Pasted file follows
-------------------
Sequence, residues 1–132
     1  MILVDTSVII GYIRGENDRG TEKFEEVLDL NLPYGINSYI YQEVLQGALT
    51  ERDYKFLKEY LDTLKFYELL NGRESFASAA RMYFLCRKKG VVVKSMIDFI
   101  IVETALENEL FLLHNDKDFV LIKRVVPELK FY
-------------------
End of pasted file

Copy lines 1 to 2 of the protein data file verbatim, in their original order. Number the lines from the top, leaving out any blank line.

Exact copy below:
Sequence, residues 1–132
     1  MILVDTSVII GYIRGENDRG TEKFEEVLDL NLPYGINSYI YQEVLQGALT